Welcome to TONMO, the premier cephalopod interest community. Founded in 2000, we have built a large community of experts, hobbyists and enthusiasts, some of whom come together when we host our biennial conference. To join in on the fun, sign up - it's free! You can also become a Supporter for just $50/year to remove all ads and gain access to our Supporters forum. Follow us on Twitter and Facebook for more cephy goodness.
I reckon you'll need to either order one online or get a local shop to get one in for you. the last I heard captive breds will be available in late January- February so the word will be on here
Back to the previous question- the size of a full grown bimac. Cephalopods: A World Guide gives the size of a bimac as about 4 1/2 inches for body length, and 14 inches for the legs (I'm converting roughly from cms). Perhaps someone who has raised a bimac to full adulthood in an aquarium can comment on whether they reach this size in captivity.
As for escaping, bimacs have a reputation for being less prone to escape than many other species of octopuses - BUT, at least two people reported bimac escapes last year: one into the sump and the other right onto the floor. In both cases the octos were found in time and survived. So, take precautions!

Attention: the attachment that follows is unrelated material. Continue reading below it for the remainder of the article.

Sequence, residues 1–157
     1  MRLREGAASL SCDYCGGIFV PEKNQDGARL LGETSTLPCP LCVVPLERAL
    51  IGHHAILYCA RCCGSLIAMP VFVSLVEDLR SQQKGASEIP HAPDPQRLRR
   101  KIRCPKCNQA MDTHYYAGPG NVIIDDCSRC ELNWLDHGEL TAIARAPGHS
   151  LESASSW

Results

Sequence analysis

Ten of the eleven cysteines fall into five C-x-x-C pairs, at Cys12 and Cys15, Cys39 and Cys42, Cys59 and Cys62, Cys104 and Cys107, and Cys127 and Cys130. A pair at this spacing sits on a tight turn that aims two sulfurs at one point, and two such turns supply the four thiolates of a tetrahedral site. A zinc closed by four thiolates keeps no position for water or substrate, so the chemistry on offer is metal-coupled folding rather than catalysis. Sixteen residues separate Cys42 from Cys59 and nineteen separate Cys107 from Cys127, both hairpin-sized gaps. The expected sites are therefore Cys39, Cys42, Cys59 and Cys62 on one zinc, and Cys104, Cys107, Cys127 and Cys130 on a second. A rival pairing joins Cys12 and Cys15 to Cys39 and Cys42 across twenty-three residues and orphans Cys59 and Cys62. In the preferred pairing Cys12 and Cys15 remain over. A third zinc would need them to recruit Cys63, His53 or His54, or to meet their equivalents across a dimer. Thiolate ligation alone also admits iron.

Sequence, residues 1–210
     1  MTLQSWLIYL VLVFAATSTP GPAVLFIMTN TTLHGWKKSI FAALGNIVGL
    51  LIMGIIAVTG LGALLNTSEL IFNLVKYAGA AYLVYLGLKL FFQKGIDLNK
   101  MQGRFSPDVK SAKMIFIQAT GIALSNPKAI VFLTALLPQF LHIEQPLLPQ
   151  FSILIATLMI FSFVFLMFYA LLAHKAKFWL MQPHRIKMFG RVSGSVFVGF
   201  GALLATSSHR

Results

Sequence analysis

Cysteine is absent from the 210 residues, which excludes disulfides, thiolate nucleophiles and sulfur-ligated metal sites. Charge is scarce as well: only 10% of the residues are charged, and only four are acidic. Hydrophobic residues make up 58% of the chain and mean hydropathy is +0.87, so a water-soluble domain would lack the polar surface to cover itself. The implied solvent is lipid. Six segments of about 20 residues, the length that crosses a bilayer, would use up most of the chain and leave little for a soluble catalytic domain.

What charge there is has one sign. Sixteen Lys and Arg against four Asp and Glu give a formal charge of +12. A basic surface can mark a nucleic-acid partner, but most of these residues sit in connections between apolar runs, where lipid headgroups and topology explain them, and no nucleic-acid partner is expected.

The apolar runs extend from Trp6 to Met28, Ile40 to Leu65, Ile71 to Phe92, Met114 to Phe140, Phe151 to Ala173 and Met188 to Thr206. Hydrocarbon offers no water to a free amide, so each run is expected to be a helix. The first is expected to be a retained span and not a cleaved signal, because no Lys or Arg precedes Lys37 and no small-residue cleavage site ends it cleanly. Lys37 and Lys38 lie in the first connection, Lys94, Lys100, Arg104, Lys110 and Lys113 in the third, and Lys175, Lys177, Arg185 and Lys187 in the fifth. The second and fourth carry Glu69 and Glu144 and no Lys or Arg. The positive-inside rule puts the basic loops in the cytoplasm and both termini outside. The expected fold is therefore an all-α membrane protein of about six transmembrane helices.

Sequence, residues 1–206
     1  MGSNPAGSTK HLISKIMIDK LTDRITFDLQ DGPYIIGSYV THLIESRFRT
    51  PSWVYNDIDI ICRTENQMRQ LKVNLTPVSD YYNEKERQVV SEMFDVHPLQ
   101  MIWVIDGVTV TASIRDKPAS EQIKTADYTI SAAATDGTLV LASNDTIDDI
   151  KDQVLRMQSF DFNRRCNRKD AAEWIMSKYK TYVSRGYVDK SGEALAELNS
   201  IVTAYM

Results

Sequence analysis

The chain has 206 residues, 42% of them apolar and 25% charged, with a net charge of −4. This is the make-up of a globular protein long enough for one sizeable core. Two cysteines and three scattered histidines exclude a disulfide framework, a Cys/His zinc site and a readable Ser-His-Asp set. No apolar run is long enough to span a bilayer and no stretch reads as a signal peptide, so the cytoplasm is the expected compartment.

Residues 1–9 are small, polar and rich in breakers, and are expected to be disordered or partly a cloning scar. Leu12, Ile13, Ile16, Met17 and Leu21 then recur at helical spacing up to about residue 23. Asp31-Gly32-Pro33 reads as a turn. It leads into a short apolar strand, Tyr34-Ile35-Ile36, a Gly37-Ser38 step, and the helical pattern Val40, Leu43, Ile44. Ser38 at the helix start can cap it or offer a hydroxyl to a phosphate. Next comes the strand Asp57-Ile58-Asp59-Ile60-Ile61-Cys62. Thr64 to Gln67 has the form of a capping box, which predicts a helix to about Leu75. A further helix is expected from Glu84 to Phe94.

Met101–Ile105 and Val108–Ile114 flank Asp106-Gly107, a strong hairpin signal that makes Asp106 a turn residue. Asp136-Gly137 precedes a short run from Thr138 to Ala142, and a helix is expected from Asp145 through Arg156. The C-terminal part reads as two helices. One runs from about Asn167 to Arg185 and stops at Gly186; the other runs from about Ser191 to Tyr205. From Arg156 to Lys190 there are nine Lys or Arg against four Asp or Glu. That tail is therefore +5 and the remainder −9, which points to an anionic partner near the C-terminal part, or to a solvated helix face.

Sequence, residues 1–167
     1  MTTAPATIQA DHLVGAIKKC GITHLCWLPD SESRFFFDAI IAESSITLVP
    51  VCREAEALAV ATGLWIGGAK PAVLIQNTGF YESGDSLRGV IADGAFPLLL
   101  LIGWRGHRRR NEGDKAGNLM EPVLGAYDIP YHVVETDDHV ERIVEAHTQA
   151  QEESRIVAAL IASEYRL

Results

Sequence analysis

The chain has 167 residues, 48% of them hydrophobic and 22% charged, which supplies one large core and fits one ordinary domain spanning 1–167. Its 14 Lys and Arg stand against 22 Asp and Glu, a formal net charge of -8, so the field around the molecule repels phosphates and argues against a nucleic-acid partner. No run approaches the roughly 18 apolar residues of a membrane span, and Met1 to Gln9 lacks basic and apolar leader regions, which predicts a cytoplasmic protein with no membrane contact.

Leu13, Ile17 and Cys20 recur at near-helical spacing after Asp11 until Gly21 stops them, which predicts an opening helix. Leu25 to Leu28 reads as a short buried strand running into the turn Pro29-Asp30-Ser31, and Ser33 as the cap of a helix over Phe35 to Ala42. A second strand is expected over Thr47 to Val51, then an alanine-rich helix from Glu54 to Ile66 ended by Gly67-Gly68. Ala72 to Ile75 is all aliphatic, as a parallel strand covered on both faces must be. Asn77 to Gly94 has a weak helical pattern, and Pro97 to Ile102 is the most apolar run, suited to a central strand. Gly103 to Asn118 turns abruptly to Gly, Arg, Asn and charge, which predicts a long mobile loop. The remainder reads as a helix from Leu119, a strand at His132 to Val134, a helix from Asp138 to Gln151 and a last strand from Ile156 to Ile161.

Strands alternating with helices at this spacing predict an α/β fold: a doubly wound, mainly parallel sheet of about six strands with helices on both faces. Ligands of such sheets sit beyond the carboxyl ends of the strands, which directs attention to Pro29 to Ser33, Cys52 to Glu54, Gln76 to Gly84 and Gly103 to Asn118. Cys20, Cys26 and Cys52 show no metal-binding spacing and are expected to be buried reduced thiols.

Thanks everyone for the info. I am very intersted in keeping a bimac. I think it will be orderdered a little after christmas from that pet place. I was planning on a 30 gallon but it sounds like 40-50 may be better. Sounds like my room needs some orginization! One last thing if you dont think 40 or 50 gallons is suffecient let me know. Happy Holidays Thanks again everyone
Thanks one more question please dont hate me for it but in another post you said bimacs dont need heaters. What is there ideal temp? If i need a chiller the bimac species may be out because i am in high school and the cost is a little crazy. The car found has already been reduced significantly!
Thanks again colin
ps I have found these creatures have a way of making me feel very stupid and most of my other reefing experences no longer matter its a whole different ball game with them. Dad still says when i get one it will escape or die within a month. Ill show him !!!!!!!!
Colin may have more exact information, but I have read that bimacs tolerate room temperature. This doesn't include an 85 degreee summer temperature, if you don't have air conditioning. Maybe 65 degrees up to 72 or 73 is a good range to aim for.